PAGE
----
Born: I was born in Cleveland, Ohio, and grew up in Berea, Ohio, a small college city 15 miles south of Cleveland.
Resides in: I live in Marin County in Larkspur, which is centrally located between my three orchestras.
Favorite Food: I love Asian food; Chinese, Thai and Japanese, with Chinese perhaps having a very slight edge.
Favorite Book: There’s no one favorite. Much of my reading is about the composers whose music I’m studying. Jan Swafford’s biography of Brahms is great fun to read because he really brings Brahms alive to a degree many biographers don’t. I also love mythology, real or imagined, which is why I enjoyed Joseph Campbell’s writing and am a huge Lord of the Rings fan.
Favorite Composer: I fall in love with the music of each composer I’m working on at the time. Each has such a unique voice, just as every performer does. My most regular favorites would include Mozart, Beethoven, Brahms, Mahler and Ravel.
Relationship Status/Children: I’m married to Pamela Martin, a conductor and pianist who works a great deal with ballet. But she’s also Assistant Conductor and principal pianist for the Vallejo Symphony. I have a son, Adam, from a previous marriage, who is working as a personal physical trainer in Southern California. His older sister Lia passed away in 2001 at the age of 23, shortly after becoming the first women to be in San Jose State’s disk jockey program.
How long have you been the conductor of the Vallejo Symphony? I became Music Director of the Vallejo Symphony in 1983 after being one of four candidates to audition for the post.
When did you hear music for the first time? I grew up hearing the sound of the violin and the piano from the time I was born. My parents were both amateur musicians, my father on the violin and my mother on the piano.
What did you listen to as a teenager? I was drawn to jazz piano and jazz vocal groups as a teenager including Bill Evans, Dave Bruback, Amahad Jamal, the Hi-los. This was a temporary detour from classical music, which I listened to avidly from the age of four on, and I returned to it as my primary listening source from age 20 on.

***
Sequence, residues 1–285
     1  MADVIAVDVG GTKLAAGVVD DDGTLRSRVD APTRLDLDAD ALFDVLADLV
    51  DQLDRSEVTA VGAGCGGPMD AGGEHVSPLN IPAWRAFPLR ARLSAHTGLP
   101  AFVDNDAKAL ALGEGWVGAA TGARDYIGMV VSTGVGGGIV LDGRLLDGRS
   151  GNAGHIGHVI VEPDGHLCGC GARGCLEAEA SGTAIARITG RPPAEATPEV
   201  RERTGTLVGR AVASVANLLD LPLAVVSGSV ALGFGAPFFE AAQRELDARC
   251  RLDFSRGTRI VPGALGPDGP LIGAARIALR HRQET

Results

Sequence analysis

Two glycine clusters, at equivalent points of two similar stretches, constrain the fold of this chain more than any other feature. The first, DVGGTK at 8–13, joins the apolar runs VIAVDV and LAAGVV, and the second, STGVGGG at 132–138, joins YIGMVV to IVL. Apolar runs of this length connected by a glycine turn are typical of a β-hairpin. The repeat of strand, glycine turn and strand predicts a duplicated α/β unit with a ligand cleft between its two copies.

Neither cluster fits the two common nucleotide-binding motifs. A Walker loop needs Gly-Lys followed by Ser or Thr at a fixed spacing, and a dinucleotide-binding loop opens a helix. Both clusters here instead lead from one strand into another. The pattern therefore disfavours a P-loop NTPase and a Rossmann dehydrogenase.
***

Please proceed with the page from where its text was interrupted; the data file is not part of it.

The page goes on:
What do you listen to now? I have so much music going on in my head all of the time that I often go to PBS and NPR to clear my head and catch up with what’s going on in the world. I still enjoy listening to jazz. For classical, since my work is with orchestra, I’ll change pace and listen to chamber music, especially string quartets and strings with piano.
What's the first music you remember hearing? My parents had a huge record collection of symphonies and concertos, which we listened to a great deal. When I was four they began taking me to concerts by the Cleveland Orchestra every Saturday. I was absolutely mesmerized, and immediately fell in love with the sound of the orchestra.
What is your musical training? I began studying piano and music theory in the preparatory division of the Cleveland Institute of Music at the age of five, and continued studying piano through high school. I took an educational detour for a BA in history and Political Science at the College of Wooster (Ohio), then started pursuing the goal of becoming a conductor. After doing three years undergraduate studies in piano and beginning graduate studies in music Theory at Baldwin Wallace College (Berea, Ohio) and the Cleveland Institute of Music I earned a Master of Music in conducting at Temple University in Philadelphia, almost finished a DMA in orchestral conducting at The Juilliard School. I also won scholarships to attend the conducting seminars at the Temple University Music Festival, Aspen Music Festival and Tanglewood. I left my studies at Juilliard to accept the post of Assistant Conductor with the San Francisco Symphony, which simultaneously expanded my training and made me a professional conductor.
What is the training/education to become a conductor? It starts by mastering some form of music performance, usually an instrument. A conductor doesn’t have to be a pianist, but if one’s primary instrument is something else having some skill on the piano is very helpful. A complete understanding of how music is built, including harmony, form and each composer’s musical language are vital. Equally important is developing skill in sight reading (especially orchestra scores) and training one’s ear to hear each instrument separately and all of them at once simultaneously to have a very clear aural picture of what is happening within the orchestra and how closely it matches what is on the page. Finally, developing the physical skill to communicate clearly to the orchestra what you believe the composer wants and knowing how and when to explain it when gestures aren’t enough. Fortunately there are many more places to study conducting now then when I started